A Contracting Out Agreement, also known as a pre-nup, is a written agreement that sets out how a couple wishes to divide their property if the relationship ends or one of the parties dies.
Contracting Out Agreements are common when one person enters a relationship with significantly more property than the other, or where there are specific assets that a party wants to keep separate.
While the idea of discussing a pre-nup with your partner or spouse may not always feel like a comfortable topic, it is important that you understand what the law provides for the division of your property without an agreement in place.
If you have been living together as a couple in a “qualifying” de facto relationship for more than three years, you are married or in a civil union, then the rules of equal division of assets under the Property (Relationships) Act 2002 (the Act) are generally set to apply.
At TODD & WALKER Law we regularly get asked about relationship property and how the Act applies to a particular relationship and when. We recommend that to avoid future complications concerning property division you discuss the benefits of a Contracting Out Agreement with a Solicitor.
So, what are some of the key things you should understand about Contracting Out Agreements and relationship property?
What is a “qualifying” relationship?
The Act automatically applies to you if you are married, in a civil union or have been living together in a “qualifying” de facto relationship. The rules are different depending on the length of the relationship. The following factors will be relevant when determining whether the de facto relationship is a qualifying relationship:
- The length of the relationship (more than three years);
- the nature of the shared home;
- whether or not a sexual relationship exists;
- the degree of financial dependence or interdependence between the parties;
- the ownership, use and acquisition of property;
- the degree of mutual commitment to a shared life;
- the care and support of children;
- the performance of household duties;
- the reputation and public aspects of the relationship.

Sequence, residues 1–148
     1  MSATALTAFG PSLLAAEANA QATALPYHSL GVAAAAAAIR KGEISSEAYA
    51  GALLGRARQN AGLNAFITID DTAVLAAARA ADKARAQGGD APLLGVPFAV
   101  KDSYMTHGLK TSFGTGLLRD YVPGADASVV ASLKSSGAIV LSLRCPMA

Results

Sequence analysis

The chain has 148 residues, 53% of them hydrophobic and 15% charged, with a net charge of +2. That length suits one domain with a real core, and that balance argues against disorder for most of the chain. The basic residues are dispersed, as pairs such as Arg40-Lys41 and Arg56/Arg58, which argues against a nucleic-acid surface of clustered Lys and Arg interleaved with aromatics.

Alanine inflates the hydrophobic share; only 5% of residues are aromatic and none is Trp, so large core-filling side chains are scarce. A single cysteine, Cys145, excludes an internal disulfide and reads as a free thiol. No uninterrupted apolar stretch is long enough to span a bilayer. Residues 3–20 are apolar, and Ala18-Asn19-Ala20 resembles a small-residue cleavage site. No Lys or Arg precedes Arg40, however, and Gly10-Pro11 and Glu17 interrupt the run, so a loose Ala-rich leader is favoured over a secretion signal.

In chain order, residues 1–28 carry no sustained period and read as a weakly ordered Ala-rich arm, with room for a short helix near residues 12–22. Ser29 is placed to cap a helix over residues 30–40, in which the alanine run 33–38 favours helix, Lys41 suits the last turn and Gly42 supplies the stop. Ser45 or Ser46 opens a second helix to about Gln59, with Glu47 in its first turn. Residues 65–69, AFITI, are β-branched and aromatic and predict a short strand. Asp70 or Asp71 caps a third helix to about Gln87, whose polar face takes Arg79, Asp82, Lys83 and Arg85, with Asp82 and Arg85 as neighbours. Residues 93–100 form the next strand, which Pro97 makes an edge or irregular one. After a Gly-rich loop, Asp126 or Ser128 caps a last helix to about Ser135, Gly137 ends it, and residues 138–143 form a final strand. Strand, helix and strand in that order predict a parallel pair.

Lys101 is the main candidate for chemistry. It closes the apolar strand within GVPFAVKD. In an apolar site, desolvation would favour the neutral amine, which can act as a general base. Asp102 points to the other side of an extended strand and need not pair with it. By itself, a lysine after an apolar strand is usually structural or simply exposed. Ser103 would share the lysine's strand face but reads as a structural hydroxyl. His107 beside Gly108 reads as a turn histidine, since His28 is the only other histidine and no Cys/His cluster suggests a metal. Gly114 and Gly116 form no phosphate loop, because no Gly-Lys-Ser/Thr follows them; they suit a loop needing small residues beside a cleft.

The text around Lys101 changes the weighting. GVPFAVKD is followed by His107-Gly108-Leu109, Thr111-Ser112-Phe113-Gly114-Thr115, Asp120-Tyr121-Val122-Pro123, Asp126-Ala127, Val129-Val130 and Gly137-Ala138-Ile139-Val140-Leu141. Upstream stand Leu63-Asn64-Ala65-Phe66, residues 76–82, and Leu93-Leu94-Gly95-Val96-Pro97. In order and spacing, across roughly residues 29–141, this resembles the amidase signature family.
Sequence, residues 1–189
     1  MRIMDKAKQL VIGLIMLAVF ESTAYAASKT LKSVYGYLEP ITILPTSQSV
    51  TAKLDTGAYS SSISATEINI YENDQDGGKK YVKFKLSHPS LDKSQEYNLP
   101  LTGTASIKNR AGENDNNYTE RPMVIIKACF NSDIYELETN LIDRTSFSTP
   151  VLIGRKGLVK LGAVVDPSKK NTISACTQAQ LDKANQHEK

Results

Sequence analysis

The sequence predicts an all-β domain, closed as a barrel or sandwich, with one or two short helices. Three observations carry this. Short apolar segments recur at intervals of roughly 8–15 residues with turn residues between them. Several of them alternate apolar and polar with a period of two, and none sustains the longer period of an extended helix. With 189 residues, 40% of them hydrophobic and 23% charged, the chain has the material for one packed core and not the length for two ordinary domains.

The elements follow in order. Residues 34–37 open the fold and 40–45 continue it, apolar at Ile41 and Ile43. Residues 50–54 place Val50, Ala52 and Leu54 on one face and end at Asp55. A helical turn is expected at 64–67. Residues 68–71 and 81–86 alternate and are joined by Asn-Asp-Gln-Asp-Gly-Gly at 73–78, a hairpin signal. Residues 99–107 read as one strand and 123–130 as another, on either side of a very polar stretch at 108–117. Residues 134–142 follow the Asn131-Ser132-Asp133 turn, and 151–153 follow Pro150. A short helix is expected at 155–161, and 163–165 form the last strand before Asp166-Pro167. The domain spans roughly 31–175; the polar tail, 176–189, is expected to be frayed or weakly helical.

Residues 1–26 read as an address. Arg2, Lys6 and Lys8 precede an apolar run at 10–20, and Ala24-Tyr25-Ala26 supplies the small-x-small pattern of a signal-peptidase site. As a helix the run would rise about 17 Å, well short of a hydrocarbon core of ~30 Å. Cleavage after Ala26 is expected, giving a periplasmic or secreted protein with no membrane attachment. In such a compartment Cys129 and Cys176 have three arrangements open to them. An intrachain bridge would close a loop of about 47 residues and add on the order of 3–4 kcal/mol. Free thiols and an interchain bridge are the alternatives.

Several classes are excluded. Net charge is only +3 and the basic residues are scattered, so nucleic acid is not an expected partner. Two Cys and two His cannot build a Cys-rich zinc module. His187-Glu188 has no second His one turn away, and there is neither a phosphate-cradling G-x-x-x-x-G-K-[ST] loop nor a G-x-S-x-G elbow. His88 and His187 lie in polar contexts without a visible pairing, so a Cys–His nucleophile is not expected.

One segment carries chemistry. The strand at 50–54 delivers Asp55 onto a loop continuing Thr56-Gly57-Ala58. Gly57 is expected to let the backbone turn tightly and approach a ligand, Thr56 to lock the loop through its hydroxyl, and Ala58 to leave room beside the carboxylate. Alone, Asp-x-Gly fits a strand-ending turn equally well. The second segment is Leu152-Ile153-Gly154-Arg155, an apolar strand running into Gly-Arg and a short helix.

A de facto relationship that has not lasted more than three years is considered a relationship of short duration and different principles will apply.
What happens to my property if I am in a qualifying relationship?
The Act records that if you are in a qualifying relationship, it is assumed you have contributed equally to the relationship, even though it may be in different ways, and equal division of relationship property will apply upon separation or death.
There are two different types of property under the Act; relationship property, which is property deemed to be owned by the couple jointly and separate property, which is owned by either one of the parties.
Relationship property covers the majority of property including:
- the family home, even if it was purchased by one partner prior to the start of the relationship;
- chattels, including furniture, fixtures, vehicles, boats etc.;
- any jointly owned property;
- separate property that has been “intermingled” with relationship property for example if an inheritance is used towards renovations on the family home;
- all income earned and property purchased after the relationship begins;
- Kiwisaver, superannuation and life insurance policies; and
- Debt acquired during the relationship may also be considered relationship property.
Separate property includes:
- inheritance and gifts;
- family heirlooms;
- property owned by a trust; and
- property obtained before the commencement of the relationship.
What can I include in a Contracting Out Agreement?
In a Contracting Out Agreement you can specify whether the property is relationship property or if it is to remain separate property. All relationship property will be shared equally at the end of the relationship unless there is a Contracting Out Agreement that records a different intention.